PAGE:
Wednesday, February 17, 2016

Public Photography

First, set aside the legal situation. The law's job is to produce reasonable answers which we can use to get on with it. The critic's job is to unravel some of the complexity of the situation, to clarify what is. I am, in addition to being a crazy old man shouting at my hallucinations, a critic. My interest here is in our attitudes.

Consider the cathedral of Notre Dame de Paris. It was made, let us simplify for the purpose of discussion, by a bunch of masons. If you write a novel and describe the building, the hand of the mason is at most gently present in your book. If you paint a scene including the cathedral, the mason is more present. If you photograph the same scene, most will agree that the work of the mason is indeed present in the picture. The picture contains a literal copy, in some sense, of the mason's labors.

You could argue at this point that the picture is a collaboration between the photographer and the mason. Few would refuse to wrap themselves in that mantle, were it offered them.

Nobody sensible would propose that the descendants of the masons are owed royalties. Neither would anyone suggest that the mason's contribution is irrelevant. And, I venture to suggest that almost nobody would propose 'screw those guys, this us all about me'. Our attitude toward the fellows who designed and built the church is positive and charitable. We hold them in some regard, with some respect. If we think of them at all, anyways.

Suddenly, when a rude rent-a-cop rolls up, the self-styled street photographer holds quite a different attitude. You might think that a mall's architect sucks, or that the designer who made the latest Nike logo sucks. The rent-a-cop is certainly rude and ill informed about the law. None of these things ought to change our attitude about who has what rights. Rights, whether there legal sort, or the sort where one is owed a modicum of regard, of respect, ought to be more or less immutable, surely.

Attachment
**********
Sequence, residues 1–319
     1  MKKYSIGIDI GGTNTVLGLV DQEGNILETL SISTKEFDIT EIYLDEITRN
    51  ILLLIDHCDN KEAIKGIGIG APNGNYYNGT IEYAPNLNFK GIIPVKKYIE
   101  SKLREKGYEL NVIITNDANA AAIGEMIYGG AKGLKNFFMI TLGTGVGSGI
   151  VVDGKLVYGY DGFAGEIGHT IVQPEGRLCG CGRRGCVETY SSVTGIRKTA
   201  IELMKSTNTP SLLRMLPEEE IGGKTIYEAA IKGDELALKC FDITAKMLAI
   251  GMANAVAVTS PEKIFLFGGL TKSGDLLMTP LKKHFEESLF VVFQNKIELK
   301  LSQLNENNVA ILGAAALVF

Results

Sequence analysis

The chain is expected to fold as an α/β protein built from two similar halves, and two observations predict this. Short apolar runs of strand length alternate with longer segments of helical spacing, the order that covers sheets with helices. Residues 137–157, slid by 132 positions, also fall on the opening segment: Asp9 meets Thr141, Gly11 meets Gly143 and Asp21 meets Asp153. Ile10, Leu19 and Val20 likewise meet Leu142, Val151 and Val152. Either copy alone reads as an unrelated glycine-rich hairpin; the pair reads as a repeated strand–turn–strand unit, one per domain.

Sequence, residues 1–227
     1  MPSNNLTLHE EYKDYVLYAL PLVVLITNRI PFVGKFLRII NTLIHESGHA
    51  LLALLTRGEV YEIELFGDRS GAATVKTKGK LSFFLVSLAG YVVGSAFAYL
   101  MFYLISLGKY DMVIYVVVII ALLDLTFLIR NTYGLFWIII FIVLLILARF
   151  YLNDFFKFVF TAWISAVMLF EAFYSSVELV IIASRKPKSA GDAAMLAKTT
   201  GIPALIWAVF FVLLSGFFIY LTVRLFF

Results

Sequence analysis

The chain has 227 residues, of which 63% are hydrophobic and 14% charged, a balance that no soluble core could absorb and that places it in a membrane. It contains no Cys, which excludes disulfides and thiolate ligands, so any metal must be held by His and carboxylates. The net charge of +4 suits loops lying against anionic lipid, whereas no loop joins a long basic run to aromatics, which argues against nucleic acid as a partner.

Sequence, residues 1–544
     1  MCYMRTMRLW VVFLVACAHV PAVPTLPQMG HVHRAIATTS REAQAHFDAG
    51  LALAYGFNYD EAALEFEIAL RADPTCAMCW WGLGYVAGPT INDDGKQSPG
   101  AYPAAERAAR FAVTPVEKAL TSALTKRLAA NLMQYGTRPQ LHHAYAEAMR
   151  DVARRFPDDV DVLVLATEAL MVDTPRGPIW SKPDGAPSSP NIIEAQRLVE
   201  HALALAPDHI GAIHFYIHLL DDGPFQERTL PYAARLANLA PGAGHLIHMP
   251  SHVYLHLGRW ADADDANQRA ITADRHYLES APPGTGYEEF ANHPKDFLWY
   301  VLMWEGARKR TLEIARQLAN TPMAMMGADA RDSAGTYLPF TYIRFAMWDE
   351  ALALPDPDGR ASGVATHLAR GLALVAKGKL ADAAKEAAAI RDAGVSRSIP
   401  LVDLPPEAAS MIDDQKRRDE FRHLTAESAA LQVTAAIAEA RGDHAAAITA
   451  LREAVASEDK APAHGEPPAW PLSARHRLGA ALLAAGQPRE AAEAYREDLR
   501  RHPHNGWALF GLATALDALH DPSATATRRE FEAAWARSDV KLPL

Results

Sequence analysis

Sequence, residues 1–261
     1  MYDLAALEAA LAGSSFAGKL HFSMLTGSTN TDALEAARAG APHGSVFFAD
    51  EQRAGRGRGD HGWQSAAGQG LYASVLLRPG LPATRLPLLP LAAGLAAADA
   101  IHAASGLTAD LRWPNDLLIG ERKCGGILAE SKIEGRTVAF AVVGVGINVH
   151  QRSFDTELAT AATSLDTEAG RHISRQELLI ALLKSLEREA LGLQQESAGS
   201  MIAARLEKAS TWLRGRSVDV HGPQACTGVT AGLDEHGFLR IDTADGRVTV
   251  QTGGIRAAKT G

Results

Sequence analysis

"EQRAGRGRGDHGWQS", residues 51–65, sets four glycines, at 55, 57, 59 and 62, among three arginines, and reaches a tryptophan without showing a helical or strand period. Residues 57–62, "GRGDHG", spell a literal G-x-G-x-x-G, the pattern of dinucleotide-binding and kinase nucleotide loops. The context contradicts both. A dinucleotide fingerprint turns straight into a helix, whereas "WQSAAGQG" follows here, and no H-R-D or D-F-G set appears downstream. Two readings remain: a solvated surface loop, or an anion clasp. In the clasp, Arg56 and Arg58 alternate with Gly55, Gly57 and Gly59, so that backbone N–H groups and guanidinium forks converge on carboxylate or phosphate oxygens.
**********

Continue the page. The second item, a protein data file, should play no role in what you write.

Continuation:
Now, suddenly, our legalistic rights become huffily asserted. Not usually to the security guard, no, we scurried away from him. Later, on internet forums, we wax strident. We become smug assholes, falling back on the letter of the law (or rather what we have collectively decided, with the legal expertise of a forum, what the letter of the law is).

The warm feelings of respect have gone away somewhere, what remains is disdain, anger, and a wonderfully shallow sense of entitlement. What is left is a resentful sense that everyone else involved ought to be grateful that we are here with our big camera, and a bunch of weak-sauce arguments about why they ought to be glad. Social media! Exposure!

Maybe the masons just aren't comfortable having their work photographed. It is, frankly, none if your goddamned business why they'd prefer you photographing elsewhere. And perhaps that doesn't mean you shouldn't photograph. I carry on, myself. But how dare you get on your bully pulpit and berate them for it.

If photography is to matter at all, we should have some respect for what's in front of the lens. It's not just a bunch of shit to exploit in order to build up our social media following. Like Soylent Green, it's people.


  1. No one is annoyed with the masons after the arrival of the security cops. One gets annoyed with the cops, who don't know what they're doing but may enjoy being bullies. One may be annoyed with the person who sent them (the bishop?). I think what one (at least me) is most annoyed with is pointless interference with an attempt to celebrate the artistry of the masons and architect - not to appropriate it - by photographing it, commemorating its overall structure, its details, the life moving within it. Indeed, we are attempting to show respect for what's in front of the lens, but our attempt is being interfered with.

    1. My observations differ, Victor, which is not to say that yours are wrong.